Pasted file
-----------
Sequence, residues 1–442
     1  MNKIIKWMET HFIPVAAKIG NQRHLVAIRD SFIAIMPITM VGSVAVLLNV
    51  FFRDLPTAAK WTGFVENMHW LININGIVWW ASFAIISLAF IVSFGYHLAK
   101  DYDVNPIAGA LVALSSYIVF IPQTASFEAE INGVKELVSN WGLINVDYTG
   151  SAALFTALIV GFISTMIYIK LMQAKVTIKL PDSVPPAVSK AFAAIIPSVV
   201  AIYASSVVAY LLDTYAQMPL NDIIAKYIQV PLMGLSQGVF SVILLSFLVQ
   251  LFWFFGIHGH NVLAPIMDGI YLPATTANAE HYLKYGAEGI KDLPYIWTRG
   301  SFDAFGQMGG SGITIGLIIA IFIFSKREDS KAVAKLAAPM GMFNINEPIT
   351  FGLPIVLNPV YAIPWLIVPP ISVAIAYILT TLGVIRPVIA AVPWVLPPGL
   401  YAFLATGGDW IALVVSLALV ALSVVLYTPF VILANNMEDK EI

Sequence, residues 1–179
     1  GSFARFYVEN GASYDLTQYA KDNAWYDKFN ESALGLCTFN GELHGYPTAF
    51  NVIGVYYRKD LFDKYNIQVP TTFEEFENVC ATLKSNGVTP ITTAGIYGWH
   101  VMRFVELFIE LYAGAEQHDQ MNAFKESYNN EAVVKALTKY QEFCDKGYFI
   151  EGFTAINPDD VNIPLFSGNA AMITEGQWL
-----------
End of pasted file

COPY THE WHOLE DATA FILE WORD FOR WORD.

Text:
Sequence, residues 1–442
     1  MNKIIKWMET HFIPVAAKIG NQRHLVAIRD SFIAIMPITM VGSVAVLLNV
    51  FFRDLPTAAK WTGFVENMHW LININGIVWW ASFAIISLAF IVSFGYHLAK
   101  DYDVNPIAGA LVALSSYIVF IPQTASFEAE INGVKELVSN WGLINVDYTG
   151  SAALFTALIV GFISTMIYIK LMQAKVTIKL PDSVPPAVSK AFAAIIPSVV
   201  AIYASSVVAY LLDTYAQMPL NDIIAKYIQV PLMGLSQGVF SVILLSFLVQ
   251  LFWFFGIHGH NVLAPIMDGI YLPATTANAE HYLKYGAEGI KDLPYIWTRG
   301  SFDAFGQMGG SGITIGLIIA IFIFSKREDS KAVAKLAAPM GMFNINEPIT
   351  FGLPIVLNPV YAIPWLIVPP ISVAIAYILT TLGVIRPVIA AVPWVLPPGL
   401  YAFLATGGDW IALVVSLALV ALSVVLYTPF VILANNMEDK EI

Sequence, residues 1–179
     1  GSFARFYVEN GASYDLTQYA KDNAWYDKFN ESALGLCTFN GELHGYPTAF
    51  NVIGVYYRKD LFDKYNIQVP TTFEEFENVC ATLKSNGVTP ITTAGIYGWH
   101  VMRFVELFIE LYAGAEQHDQ MNAFKESYNN EAVVKALTKY QEFCDKGYFI
   151  EGFTAINPDD VNIPLFSGNA AMITEGQWL